Songkran: Profound Bangkok-countryside link that withstands test of time
Thailand’s most-celebrated and globally-renowned festival has had its fair share of politicization, with people being urged a few years ago to throw water using bowls of a specific color a great example. But the national bonding this traditional New Year period created has managed to defy all odds.
Songkran is a local festival that represents Thai harmony and a solid linkage between rural people and those in the cities. Why are Bangkok streets empty during Songkran? Partly, it’s because many Bangkokians take their vacations upcountry, where celebrations give them more fun. But more significantly, it’s because Bangkok-based workers, business executives, or high-flying professionals want to pay visits to their family members or relatives. Pick out anyone among the movie stars, business hotshots, high-ranking bureaucrats, politicians or even media moguls and chances are that he or she has a strong rural root.
It’s Thais’ great responsibility to keep it that way. The country’s political strife has made just about anything _ events, occasions, lifestyles, individual behaviors, court verdicts and etc _ a divisive and caste issue. Truth is that Thailand is a true land of opportunities as well as an amazing social mixture, and the Songkran exodus proves that.
The period should not be just about having fun and making foreign tourists smile. Songkran must also be about Thais remembering what they have _ a nicely-blended society where farmers’ children make it big in Bangkok or at least try their lucks. It’s a period to remember the good side of “Thai-ness”, a word which has been politicized too much lately.
In a politically cutthroat environment, there are not many things Thais can hold onto nowadays as a common symbol of unity. Songkran is undisputedly among them.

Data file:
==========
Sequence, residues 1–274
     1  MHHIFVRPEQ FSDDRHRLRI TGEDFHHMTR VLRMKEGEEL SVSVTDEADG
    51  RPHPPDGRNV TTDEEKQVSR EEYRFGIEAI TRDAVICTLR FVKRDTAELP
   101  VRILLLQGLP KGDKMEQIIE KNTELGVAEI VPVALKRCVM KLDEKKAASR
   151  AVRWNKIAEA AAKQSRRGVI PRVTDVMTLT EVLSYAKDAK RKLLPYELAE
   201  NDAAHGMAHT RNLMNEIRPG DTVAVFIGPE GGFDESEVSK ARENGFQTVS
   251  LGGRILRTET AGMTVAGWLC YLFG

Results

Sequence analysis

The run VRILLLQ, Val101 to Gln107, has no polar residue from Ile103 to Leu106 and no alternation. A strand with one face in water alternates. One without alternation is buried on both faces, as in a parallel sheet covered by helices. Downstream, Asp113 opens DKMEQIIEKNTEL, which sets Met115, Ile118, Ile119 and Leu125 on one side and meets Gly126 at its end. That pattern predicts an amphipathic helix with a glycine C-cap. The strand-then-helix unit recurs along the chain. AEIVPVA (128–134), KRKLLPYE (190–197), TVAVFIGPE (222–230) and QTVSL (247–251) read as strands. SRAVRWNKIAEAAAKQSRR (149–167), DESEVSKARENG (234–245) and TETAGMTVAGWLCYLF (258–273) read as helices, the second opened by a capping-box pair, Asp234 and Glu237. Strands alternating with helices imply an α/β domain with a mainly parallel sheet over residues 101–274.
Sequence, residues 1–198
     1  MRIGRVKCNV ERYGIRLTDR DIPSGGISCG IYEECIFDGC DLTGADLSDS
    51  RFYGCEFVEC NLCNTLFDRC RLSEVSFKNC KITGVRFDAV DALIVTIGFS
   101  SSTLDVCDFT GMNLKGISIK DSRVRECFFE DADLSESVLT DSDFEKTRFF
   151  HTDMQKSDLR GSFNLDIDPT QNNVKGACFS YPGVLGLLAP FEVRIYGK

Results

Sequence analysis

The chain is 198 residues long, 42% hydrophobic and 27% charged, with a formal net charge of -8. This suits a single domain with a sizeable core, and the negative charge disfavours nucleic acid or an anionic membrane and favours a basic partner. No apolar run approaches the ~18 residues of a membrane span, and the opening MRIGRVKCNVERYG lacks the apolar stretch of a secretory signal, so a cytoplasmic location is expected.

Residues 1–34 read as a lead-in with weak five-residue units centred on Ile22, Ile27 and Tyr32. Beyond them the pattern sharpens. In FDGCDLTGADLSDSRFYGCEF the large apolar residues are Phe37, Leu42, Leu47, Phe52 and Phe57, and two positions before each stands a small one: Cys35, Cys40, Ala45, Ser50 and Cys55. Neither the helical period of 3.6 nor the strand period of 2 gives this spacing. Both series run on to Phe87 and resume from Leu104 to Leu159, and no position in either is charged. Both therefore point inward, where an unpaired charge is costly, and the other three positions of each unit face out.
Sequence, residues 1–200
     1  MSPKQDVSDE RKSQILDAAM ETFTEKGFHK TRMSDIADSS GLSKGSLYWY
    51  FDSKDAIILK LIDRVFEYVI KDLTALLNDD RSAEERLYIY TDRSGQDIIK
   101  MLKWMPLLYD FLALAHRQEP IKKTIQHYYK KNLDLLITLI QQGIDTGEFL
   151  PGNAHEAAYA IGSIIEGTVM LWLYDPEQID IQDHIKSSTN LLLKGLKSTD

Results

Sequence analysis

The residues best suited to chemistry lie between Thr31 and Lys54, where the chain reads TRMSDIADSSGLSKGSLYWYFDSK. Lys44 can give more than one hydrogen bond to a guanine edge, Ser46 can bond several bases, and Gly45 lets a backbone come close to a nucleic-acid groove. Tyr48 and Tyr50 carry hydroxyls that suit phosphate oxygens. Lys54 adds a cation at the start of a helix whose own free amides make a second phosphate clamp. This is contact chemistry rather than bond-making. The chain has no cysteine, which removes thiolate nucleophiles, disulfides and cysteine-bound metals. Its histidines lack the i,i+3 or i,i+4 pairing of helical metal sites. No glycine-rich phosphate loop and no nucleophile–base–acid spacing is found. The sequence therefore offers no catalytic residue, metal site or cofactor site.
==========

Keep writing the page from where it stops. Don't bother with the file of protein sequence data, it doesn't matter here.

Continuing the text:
Authorities’ close monitoring of the Khaosan Raod, the “fun” hotbed of Songkran as far as foreign tourists are concerned, has made headlines for good reasons. “When young people can’t splash water, many would choose to stay home,” said a rural YouTuber. But he quickly added: “Old folks, however, are welcoming this, as it means that a period they have been waiting for the whole year will provide more of what they want _ time with the children who have gone elsewhere to either study or work.”
The man’s comment addresses both chief characteristics of Songkran _ fun and traditional bonding. Both parts make the period so special, although one of them may have made front pages more than the other.
The festival is also usually associated with road carnage. But if we take away the accidents, Songkran does give Thais glimpses of a utopia, where politics is less intense and the good side of human beings often comes out. People go to temples, build sandcastles, make merits, cook great food and have pleasant reunions with friends and families. Thais smile. Thais forgive. Thais help one another.
Water throwing has been minimized over the past few years, thanks to COVID-19. This has made a few people lament that the spirit of Songkran is fading away. But while water guns, bowls, and other water containers are important when Songkran is concerned, they are by no means the only most important thing. Songkran reinforces the bonding, which makes the festival “warm”, no matter how “cold” one may have felt, either because of soaked clothing or because of being “out there” practically alone.
By Tulsathit Taptim